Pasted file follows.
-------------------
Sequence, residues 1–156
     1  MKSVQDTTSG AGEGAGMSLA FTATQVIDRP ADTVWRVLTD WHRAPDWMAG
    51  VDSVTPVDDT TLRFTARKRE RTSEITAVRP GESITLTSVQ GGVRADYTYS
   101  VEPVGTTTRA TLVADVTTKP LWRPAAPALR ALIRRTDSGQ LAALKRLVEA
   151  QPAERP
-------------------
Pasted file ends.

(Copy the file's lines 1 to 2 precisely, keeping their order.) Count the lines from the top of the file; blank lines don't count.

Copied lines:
Sequence, residues 1–156
     1  MKSVQDTTSG AGEGAGMSLA FTATQVIDRP ADTVWRVLTD WHRAPDWMAG